A sharp 1,400-point fall in the stock markets on Monday brought to the fore the concerns of investors about the virus continuing to exist around them and at the same time about the otherwise rising trend in the markets. Although investors have been reaping the benefits of the rising markets, there has been a bit of anxiety around a broader sense that the markets are running ahead of broader economic fundamentals. The fall in the markets did not extend beyond Monday, however: stability returned quickly alongside a fund flow by foreign portfolio investors.
While the fall was driven by concerns around a new, more potent variant of the coronavirus, investors must keep in mind that such mutations are only to be expected during the course of the pandemic, and it is important for them not to panic. While day traders need to react to such news flows and square off their positions or cut down their losses, there is no such compulsion for long-term retail investors. They need to just wait out that market volatility.
Why was there panic?
The sharp 37% fall in the Sensex and Nifty between February 1 and March 23, 2020 is still fresh in investors’ memory, and hence there will be concerns around any fresh news about Covid-19 or a new virus strain that can impact our lives and hurt the economy, which are otherwise slowly returning to normalcy. So, when news broke of the new coronavirus variant and countries started announcing travel restrictions to and from Britain, the first reaction was one of fear, which led to the sharp fall in the markets on Monday. At one point, the Sensex was down by over 2,000 points or 4.3% over Friday’s closing, in line with a 2-3% drop in European markets on Monday.
Even as investors have been riding the high tide, there is a feeling that the markets are running ahead of the broader economic fundamentals and the GDP recovery is still a work in progress. This has been keeping many of them on the edge, and some are even going for profit booking. Though profit booking is a good idea, investors must do that only if they want to go for asset reallocation or want to utilise the money to meet certain goals such as buying a car or a house, or kids’ higher education. Booking profits with the idea of re-entering when the market is down may not work out.
So, how should you take the news around Covid?
In February and March 2020, Covid-19 was a new unknown. As research started detailing the potency of the virus and market participants and investors started seeing its impact on human life, their livelihood and the economy — including travel restrictions, lockdowns, social distancing, closure of offices and near halt of industrial activities across countries — the markets started reacting to it more vigorously. However, as the months progressed, the world found a way to live with the virus, scientists developed at least four vaccines (till date), economic activity resumed, and markets bounced back. The excess liquidity in the global markets (initially meant to support the respective economies under duress) also found its way into stock markets worldwide and lifted them higher and faster than expected.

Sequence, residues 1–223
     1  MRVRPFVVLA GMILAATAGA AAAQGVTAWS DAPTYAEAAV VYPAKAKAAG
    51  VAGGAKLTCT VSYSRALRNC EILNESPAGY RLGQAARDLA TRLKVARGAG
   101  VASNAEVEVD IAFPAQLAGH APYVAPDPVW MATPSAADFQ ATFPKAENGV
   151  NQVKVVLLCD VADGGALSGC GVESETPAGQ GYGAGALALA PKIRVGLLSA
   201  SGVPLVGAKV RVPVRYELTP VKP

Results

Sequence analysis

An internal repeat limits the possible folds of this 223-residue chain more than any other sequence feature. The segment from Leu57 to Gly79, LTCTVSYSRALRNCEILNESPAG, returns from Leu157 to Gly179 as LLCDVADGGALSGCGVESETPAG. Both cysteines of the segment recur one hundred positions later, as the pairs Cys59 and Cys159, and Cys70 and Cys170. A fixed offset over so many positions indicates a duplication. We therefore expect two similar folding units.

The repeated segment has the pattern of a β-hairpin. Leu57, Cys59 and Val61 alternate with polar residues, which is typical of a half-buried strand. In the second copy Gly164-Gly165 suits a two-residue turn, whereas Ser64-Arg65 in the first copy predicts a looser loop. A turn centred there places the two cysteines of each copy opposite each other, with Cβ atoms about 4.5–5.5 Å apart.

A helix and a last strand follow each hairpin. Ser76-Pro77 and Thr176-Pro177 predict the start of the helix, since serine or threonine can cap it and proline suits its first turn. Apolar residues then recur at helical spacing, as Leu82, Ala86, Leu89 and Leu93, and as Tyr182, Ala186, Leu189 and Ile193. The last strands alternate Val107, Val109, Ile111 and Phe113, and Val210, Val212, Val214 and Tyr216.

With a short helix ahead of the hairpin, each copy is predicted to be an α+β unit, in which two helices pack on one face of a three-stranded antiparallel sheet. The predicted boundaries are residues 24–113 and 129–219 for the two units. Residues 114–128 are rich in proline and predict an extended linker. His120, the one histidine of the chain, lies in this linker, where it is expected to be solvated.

Amid all the anxiety, the news of a new more potent virus variant on Monday brought back the memories of March and investors pressed the panic button. It is, however, important to keep in mind that Covid-19 or a new strain is no longer an unknown; we have all gone through the drill and learned to live with it over the last nine months. So there is no cause for pressing the panic button. A retail investor needs to analyse the situation carefully before taking a call to exit, and even before exiting, he or she must figure out the options for deploying that fund.
Why should you not panic?
When in doubt, investors should simply refer to the two biggest events that the markets faced over the last 12 years — the global financial crisis in 2008 and the pandemic in 2020. Both impacted the markets worldwide. If the impact of the global financial crisis was limited largely to the finance industry globally, the pandemic continues to have a much deeper impact and has hit every life in some way or the other.
So what do these episodes tell us? During the 2008 crisis, the Sensex lost 41% between September 1 and October 27, but then regained its August 2008 closing level of 14,500 after nine months i.e in May 2009. By the end of December 2009, the Sensex was up 20% over the index closing value in August 2008.
Similarly, although the Sensex lost around 37% between February 1 and March 23, 2020, it regained its previous high level — over 41,000 in January 2020 — around mid-November. Currently, the Sensex is trading at 11% higher than the highs it had seen in January 2020.
Investors should always remember these two events and their impact on the markets. Short term crash events do have a bearing on day traders, but for retail investors, there is no reason to panic.